Installed in the top-floor gallery of the Museum of the African Diaspora, Choose Paint! Choose Abstraction! presents an eclectic mix of works from the early 1970s to the present by nine artists working along the spectrum of abstraction. According to exhibition curator Lizzetta LeFalle-Collins, the eclecticism of selected works reflects the distinct spirit of West Coast abstraction —a hybrid of East Coast Abstract Expressionism and the Figurative Abstraction more often associated with the Bay Area. The West Coast brand of abstraction complicates the perceived divide between a focus on content and one on aesthetics.
The exhibition’s large-scale paintings by Arthur Monroe (b. 1934) certainly reveal the Abstract Expressionist influence on Bay Area painting. Spending his formative years in New York, Monroe was closely associated with many of the great innovative artists on the East Coast in the 1950s. In one of three quotes included in the exhibition, Monroe attests to the impact of the music and the painting of this period: “If I had not been sandwiched between jazz and Abstract Expressionists, I would have lost my way and my chances to paint.” Works such as Untitled (shown here) are marked by his training at the Art Students League and in the studio of Hans Hoffmann.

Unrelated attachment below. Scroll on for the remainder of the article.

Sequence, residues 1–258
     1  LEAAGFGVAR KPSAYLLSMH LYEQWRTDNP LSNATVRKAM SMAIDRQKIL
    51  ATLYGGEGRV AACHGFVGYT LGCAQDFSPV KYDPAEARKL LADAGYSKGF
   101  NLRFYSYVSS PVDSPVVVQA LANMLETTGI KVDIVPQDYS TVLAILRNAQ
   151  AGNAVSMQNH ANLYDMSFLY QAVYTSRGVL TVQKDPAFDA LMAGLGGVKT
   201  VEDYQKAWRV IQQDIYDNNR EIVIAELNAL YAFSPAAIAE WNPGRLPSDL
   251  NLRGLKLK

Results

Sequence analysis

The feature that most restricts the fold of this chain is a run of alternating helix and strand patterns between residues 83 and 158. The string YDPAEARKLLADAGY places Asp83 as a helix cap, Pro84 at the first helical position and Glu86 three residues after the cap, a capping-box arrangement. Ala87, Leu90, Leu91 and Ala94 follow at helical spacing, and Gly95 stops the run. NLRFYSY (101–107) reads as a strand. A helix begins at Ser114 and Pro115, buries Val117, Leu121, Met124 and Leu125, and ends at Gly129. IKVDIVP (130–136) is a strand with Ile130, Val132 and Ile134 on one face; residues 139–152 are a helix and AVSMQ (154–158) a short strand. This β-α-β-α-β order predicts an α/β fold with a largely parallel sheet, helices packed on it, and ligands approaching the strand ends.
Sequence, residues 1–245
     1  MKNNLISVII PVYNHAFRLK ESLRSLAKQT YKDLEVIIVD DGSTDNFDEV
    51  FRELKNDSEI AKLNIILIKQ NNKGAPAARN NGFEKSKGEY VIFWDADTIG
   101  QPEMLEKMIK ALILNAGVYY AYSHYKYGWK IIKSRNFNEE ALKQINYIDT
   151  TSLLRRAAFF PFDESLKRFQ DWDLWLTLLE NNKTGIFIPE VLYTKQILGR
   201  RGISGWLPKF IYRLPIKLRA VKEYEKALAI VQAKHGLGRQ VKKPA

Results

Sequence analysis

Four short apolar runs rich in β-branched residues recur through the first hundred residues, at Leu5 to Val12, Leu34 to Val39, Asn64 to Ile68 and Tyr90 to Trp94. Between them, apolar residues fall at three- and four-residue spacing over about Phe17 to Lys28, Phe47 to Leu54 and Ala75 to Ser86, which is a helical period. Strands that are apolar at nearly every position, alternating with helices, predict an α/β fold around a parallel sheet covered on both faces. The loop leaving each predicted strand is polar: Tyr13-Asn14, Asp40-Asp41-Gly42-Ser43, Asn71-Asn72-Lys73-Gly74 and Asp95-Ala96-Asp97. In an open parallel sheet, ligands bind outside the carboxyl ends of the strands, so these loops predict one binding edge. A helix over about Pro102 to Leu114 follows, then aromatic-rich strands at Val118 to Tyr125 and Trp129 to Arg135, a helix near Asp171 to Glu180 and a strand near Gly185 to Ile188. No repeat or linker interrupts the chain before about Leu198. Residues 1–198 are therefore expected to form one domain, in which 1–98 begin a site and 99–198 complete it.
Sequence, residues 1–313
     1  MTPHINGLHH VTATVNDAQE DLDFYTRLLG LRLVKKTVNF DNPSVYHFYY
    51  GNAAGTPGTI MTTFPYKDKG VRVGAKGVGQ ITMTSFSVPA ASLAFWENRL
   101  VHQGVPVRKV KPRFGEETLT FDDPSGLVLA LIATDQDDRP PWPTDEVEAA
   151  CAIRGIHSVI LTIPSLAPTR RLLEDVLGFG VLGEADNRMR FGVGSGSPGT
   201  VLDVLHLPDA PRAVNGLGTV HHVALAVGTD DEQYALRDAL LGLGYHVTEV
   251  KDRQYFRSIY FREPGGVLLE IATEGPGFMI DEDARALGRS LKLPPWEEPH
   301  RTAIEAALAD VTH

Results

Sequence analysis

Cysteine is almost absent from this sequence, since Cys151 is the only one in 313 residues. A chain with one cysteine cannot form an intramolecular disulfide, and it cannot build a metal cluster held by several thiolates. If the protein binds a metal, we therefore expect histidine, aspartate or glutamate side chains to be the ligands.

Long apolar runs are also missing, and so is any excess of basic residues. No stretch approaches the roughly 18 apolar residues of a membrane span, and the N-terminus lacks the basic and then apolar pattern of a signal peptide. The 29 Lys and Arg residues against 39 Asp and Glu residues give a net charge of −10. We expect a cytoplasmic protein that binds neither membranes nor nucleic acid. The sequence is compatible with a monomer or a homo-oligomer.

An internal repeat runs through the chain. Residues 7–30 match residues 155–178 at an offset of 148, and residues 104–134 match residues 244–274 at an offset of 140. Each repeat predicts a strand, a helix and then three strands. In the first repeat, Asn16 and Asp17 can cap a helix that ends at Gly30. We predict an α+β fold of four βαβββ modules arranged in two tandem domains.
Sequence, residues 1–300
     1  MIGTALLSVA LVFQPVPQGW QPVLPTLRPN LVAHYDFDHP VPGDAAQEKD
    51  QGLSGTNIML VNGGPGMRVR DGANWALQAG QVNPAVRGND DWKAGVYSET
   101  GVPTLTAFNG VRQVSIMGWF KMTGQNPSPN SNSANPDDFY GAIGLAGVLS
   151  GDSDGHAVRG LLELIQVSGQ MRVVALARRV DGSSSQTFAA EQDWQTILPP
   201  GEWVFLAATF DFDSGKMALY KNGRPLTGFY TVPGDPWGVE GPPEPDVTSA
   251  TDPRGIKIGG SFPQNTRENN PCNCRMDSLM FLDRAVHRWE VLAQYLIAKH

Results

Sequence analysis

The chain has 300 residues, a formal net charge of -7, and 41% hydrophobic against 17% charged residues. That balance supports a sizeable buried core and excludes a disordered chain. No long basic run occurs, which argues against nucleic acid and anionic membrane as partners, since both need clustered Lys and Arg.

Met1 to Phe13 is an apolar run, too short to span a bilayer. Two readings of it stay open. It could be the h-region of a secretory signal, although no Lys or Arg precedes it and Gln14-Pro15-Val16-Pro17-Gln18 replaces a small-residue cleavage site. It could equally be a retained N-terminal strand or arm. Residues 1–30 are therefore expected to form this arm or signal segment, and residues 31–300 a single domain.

Monroe’s lively swaths of paint lift boldly off the canvas, giving dimension and texture to its surface. The dense layers of paint in rich hues — grounded by broad strokes in black and white —draw the viewer into the all-over composition. It is unfortunate that the artist’s four paintings seem unsuited to the awkward spaces of the gallery. One work is left entirely to its own dark corner; the others seem too tightly confined by the low ceilings of the gallery. Yet, despite these limitations in scale, these compositions inspire grandeur. His exquisite juxtapositions of color and form position Monroe as one of the standouts of the show.